How to make a brochure

Watch the video to learn how to use brochures for your business

Creating your own brochure doesn’t need to be difficult or time-consuming! The Vistaprint Guide to Brochures will walk you through these powerful marketing tools and show you just how easy it can be to create a great-looking print asset that can get the job done at a trade show, at your business’s location, in the mail or on the road.

Even though it’s made from a single piece of paper, a brochure is one of the most flexible marketing tools a small business owner can use.

You can use it as a complete sales pitch, or to supplement the pitch you’re verbally telling your prospects. You can use it to talk about a single product or to sell your company as a whole. You can leave one behind, place it in a display, hand it directly to your customer, or send it to them through a direct marketing campaign.

Brochures can even be segmented for specific audiences, giving you the chance to offer every potential customer a message that speaks to them.

Brochures can do all that – with a small price tag to boot. So why don’t more people use them? Because they think they’re difficult to create.

But they’re not, as long as you’re prepared.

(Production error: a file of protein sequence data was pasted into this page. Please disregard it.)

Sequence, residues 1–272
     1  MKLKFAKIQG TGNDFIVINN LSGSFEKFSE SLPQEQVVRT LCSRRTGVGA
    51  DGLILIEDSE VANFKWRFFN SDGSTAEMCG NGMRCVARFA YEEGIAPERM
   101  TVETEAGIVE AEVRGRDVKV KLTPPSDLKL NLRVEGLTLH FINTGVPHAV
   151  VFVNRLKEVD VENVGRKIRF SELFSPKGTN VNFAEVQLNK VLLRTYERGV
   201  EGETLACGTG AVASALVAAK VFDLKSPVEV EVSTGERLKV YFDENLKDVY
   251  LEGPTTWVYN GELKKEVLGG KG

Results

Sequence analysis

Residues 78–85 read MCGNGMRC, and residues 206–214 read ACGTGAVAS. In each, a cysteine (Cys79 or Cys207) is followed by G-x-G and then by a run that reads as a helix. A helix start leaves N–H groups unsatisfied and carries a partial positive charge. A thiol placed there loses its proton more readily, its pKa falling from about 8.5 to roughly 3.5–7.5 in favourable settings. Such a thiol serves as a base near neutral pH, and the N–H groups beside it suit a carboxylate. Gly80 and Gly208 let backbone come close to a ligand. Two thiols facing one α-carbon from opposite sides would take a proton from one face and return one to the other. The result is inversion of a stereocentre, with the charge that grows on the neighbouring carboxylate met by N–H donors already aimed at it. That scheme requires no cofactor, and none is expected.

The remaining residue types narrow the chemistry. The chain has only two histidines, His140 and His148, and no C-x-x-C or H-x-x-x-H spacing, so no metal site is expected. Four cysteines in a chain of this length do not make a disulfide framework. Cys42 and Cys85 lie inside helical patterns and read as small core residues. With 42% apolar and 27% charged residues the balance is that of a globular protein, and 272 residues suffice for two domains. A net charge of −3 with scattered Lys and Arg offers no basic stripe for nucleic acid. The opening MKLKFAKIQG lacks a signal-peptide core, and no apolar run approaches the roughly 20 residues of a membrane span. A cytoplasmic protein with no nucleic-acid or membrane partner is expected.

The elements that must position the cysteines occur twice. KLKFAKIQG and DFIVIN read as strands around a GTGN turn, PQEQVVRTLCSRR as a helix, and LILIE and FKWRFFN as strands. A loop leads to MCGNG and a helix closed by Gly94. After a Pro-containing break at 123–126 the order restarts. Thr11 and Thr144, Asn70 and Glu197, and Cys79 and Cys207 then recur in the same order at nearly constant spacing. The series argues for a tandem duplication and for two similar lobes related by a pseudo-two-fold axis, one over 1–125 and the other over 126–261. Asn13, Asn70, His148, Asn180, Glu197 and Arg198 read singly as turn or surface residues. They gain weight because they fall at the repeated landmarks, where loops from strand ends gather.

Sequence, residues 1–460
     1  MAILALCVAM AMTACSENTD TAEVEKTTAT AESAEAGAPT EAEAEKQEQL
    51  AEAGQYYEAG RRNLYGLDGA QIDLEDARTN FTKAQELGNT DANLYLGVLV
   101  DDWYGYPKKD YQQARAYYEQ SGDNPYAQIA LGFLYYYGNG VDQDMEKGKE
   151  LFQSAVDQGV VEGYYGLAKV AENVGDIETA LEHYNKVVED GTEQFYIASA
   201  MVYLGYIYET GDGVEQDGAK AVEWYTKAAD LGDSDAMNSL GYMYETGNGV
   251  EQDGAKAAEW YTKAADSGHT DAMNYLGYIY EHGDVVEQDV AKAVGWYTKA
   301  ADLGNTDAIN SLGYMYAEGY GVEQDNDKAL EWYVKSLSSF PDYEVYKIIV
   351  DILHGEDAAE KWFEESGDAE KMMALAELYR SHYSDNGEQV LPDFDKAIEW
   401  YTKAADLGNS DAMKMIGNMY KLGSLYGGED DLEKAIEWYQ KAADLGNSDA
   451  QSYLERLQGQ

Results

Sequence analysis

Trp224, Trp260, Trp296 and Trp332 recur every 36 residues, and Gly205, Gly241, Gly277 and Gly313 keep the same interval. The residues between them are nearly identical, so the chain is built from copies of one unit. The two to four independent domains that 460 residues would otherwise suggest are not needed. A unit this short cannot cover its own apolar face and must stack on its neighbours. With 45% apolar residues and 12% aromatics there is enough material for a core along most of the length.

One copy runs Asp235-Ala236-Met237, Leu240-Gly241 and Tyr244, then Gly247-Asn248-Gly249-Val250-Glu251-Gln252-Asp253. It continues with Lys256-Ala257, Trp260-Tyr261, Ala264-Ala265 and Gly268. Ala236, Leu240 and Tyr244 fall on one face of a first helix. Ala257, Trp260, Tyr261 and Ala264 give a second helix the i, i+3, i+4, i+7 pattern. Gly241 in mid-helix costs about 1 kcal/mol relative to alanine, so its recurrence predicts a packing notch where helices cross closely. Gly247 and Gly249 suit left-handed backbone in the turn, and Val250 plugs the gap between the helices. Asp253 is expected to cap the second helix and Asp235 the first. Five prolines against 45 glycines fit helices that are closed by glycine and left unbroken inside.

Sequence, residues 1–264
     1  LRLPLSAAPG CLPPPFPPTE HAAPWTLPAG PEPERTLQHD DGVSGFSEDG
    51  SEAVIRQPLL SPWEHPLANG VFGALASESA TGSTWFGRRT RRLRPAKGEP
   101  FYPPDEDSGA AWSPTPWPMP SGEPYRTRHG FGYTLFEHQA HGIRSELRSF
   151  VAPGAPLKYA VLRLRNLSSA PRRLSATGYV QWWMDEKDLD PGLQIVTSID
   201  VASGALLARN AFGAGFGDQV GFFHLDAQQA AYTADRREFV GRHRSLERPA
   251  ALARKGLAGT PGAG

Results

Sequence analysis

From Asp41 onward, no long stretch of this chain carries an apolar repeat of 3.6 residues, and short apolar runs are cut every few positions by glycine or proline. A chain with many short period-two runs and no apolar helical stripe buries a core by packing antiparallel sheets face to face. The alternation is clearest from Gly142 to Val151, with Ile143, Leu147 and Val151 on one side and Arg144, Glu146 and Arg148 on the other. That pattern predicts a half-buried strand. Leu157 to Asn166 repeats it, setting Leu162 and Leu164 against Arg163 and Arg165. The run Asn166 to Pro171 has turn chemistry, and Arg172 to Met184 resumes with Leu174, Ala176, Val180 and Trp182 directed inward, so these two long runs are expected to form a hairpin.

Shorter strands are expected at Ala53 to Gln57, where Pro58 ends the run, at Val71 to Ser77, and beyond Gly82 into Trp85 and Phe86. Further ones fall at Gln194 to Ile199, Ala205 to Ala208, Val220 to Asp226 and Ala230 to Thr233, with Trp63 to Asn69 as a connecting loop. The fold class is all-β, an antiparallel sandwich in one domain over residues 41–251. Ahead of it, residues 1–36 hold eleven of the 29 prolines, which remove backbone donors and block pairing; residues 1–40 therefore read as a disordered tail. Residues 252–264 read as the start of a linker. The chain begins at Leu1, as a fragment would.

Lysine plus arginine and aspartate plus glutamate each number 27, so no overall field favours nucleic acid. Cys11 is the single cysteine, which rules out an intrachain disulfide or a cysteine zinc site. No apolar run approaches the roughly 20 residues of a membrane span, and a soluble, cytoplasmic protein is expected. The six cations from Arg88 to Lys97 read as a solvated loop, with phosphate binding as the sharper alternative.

Getting started with your brochure

When creating a brochure, the first thing you should do is establish its purpose. Doing this allows you to create a roadmap for everything from the choice of fold to the text you write and the images you use on the final product.

Watch the video for helpful tips for creating your brochure

Creating your own brochure doesn’t need to be difficult or time-consuming! The Vistaprint Guide to Brochures will walk you through these powerful marketing tools and show you just how easy it can be to create a great-looking print asset that can get the job done at a trade show, at your business’s location, in the mail or on the road.

So, why are you making this brochure? Is it to…

  • Introduce your potential customer to your business as a whole?
  • Give information about a specific product?
  • Follow up on a sales visit, trade show or other event?

First, answer that, and then consider how you want to get that message across. Some value propositions are more complex than others, especially when if they’re technically oriented or involve certain industries while others benefit from an approach that appeals to the audience’s emotions. Figuring this out provides a path for picking the brochure fold you should work with and how you’ll sell your business to the customer.

You should use bi-fold brochures when:

  • The value proposition to your customer is relatively simple
  • You’re using large graphics to illustrate your benefits